Quality of Life Research

, Volume 27, Issue 4, pp 1099–1108 | Cite as

The reliability and validity of the Chinese version of the Metacognitions about Health Questionnaire in college students

  • Lisha Dai
  • Robin Bailey
  • Yunlong Deng



In order to explain the potential mechanism that might motivate and maintain health anxiety (HA), researchers have developed several measures to assess the level of HA and to identify related cognitions and personality features. However, such instruments typically measure general metacognitions [e.g., the Metacognition Questionnaire-30 (MCQ-30)], thereby compromising the degree of sensitivity and specificity of measurement as applied to HA-related metacognitions. To address that issue, the Metacognitions about Health Questionnaire (MCQ-HA) was designed especially for measuring metacognitive beliefs specific to HA. Because a Chinese version of MCQ-HA may be helpful in improving our understanding of HA in a Chinese population, in the current study we sought to develop a Chinese version of the MCQ-HA (CMCQ-HA).


We translated the MCQ-HA into Chinese with consideration of cultural diversity. For evaluation of its validity and stability, a sample of 1290 Chinese college students answered the CMCQ-HA, the Short Health Anxiety Inventory, the MCQ-30, and the Neuroticism scale of the Eysenck Personality Questionnaire. 292 students of them answered the CMCQ-HA twice.


Good internal consistency (α = 0.81) and test–retest reliability (ICC = 0.70) of the CMCQ-HA was presented. Exploratory and confirmatory factor analyses indicated a three-factor structure: beliefs about biased thinking, beliefs that thoughts can cause illness, and beliefs that thoughts are uncontrollable. Convergent validity, divergent validity, and incremental validity all were acceptable. Measurement invariance across gender was established.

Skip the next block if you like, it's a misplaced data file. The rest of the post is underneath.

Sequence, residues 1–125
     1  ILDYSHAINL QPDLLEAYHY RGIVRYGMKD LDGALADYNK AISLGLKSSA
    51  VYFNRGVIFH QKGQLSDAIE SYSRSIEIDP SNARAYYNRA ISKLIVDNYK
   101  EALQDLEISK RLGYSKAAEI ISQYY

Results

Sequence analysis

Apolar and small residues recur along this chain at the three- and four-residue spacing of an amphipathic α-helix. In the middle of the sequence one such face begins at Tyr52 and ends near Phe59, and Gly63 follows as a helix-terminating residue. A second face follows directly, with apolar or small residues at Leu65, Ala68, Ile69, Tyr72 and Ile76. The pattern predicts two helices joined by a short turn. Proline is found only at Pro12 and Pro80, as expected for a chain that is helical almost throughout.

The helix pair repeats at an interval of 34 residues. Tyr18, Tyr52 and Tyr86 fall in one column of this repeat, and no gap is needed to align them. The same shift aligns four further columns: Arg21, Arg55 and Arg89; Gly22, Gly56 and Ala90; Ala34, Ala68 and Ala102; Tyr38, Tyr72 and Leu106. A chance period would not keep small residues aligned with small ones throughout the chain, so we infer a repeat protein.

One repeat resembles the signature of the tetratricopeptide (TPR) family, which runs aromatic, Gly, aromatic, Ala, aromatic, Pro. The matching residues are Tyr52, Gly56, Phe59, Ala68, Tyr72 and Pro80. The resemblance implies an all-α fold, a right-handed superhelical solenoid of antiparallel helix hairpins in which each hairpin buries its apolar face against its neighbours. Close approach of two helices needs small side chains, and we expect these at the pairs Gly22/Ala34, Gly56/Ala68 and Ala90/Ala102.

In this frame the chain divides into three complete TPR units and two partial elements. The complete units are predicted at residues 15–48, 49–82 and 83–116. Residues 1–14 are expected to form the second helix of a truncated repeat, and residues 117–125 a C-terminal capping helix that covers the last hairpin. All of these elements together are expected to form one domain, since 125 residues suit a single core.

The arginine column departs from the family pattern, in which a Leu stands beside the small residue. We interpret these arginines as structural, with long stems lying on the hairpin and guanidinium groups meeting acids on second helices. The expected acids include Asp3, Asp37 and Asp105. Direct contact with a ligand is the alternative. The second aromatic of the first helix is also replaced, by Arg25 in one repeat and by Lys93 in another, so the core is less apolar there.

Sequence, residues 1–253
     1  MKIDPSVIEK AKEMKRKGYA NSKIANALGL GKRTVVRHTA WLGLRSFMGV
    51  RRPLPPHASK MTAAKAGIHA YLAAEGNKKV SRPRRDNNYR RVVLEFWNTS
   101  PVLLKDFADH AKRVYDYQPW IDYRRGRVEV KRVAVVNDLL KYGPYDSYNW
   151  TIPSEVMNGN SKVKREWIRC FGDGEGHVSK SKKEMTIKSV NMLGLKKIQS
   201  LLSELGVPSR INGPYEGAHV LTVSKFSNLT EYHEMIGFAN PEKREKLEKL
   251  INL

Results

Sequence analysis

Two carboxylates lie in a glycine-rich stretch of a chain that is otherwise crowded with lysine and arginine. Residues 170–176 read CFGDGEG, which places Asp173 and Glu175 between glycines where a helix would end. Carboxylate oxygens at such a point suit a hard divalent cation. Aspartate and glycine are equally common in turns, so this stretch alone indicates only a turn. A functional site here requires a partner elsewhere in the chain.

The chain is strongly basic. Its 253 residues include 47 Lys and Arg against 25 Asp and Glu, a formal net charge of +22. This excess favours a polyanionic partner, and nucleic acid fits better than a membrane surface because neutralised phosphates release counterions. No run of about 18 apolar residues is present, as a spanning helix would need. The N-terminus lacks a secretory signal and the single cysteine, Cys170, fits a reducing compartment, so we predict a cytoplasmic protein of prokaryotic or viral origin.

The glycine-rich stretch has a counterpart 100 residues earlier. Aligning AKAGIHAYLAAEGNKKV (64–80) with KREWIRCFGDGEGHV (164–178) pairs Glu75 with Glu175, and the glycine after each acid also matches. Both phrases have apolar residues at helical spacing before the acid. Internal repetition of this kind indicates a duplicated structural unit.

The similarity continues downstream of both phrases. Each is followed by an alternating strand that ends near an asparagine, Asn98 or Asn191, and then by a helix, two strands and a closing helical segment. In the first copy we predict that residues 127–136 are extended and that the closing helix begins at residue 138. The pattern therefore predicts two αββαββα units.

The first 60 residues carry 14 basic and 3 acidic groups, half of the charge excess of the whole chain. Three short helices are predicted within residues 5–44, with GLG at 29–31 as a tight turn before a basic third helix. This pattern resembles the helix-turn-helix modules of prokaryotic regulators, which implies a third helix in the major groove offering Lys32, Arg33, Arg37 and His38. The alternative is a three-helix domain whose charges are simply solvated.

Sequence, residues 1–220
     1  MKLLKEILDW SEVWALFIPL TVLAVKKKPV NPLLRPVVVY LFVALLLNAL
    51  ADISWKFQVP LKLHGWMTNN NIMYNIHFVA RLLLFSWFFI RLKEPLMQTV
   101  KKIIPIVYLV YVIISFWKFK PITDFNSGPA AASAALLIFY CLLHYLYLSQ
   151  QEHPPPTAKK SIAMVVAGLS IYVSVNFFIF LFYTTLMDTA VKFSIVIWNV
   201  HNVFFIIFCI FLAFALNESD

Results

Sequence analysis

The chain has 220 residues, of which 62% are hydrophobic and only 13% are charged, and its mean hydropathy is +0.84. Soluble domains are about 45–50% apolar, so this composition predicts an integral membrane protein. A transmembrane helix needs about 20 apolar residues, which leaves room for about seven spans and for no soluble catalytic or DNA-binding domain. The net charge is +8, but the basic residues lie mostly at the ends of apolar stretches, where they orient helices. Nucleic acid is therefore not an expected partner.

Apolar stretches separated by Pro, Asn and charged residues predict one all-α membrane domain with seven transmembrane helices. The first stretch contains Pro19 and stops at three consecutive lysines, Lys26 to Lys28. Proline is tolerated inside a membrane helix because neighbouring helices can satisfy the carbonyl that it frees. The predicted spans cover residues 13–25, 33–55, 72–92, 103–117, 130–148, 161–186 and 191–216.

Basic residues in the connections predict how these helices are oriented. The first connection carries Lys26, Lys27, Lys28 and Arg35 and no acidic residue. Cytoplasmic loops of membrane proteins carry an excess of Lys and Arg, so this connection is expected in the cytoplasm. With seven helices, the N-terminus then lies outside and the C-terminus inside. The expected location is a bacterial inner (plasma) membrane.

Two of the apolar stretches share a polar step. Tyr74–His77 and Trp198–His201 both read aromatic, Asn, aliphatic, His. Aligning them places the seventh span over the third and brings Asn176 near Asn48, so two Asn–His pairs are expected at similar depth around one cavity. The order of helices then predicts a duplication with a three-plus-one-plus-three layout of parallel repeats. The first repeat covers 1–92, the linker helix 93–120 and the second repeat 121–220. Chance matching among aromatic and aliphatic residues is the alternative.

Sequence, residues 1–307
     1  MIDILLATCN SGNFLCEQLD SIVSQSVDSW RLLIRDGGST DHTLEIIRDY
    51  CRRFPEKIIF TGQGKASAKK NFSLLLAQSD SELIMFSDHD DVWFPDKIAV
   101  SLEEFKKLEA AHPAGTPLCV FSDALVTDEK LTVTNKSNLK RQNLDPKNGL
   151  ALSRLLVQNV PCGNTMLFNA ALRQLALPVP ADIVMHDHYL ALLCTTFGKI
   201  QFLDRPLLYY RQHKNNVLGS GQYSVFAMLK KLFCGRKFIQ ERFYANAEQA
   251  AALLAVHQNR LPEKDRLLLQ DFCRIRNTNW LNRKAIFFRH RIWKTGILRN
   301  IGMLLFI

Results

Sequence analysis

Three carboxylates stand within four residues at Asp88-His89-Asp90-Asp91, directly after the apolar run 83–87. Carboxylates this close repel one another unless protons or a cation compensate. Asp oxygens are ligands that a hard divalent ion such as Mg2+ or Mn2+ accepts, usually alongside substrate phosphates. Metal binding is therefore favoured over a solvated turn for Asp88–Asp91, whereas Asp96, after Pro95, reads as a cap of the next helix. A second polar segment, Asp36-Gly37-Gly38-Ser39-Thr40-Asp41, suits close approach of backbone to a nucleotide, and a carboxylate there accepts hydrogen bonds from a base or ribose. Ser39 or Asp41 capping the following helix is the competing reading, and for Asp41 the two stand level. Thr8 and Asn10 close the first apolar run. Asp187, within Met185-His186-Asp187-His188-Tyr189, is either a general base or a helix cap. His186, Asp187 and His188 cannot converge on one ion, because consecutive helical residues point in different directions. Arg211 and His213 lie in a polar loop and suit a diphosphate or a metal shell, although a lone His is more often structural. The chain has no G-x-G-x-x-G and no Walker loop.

The CMCQ-HA shows promise for the measurement of specific HA-related metacognitions in Chinese populations.


Health anxiety Metacognition Reliability and validity Chinese population 



This research was supported by the New Xiangya Talent Project of the Third Xiangya Hospital of Central South University (Grant No. 20150302).

Compliance with ethical standards

Conflict of interest

The authors declared no potential conflicts of interest with respect to the research, authorship, and/or publication of this article.

Ethical approval

The Institutional Review Board of the Third Xiangya Hospital in Hunan approved the study (2017-S208).


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Copyright information

© Springer International Publishing AG, part of Springer Nature 2018

Authors and Affiliations

  1. 1.Department of Psychiatry, The Third Xiangya HospitalCentral South UniversityChangshaChina
  2. 2.School of Health, BB235University of Central LancashirePrestonUK

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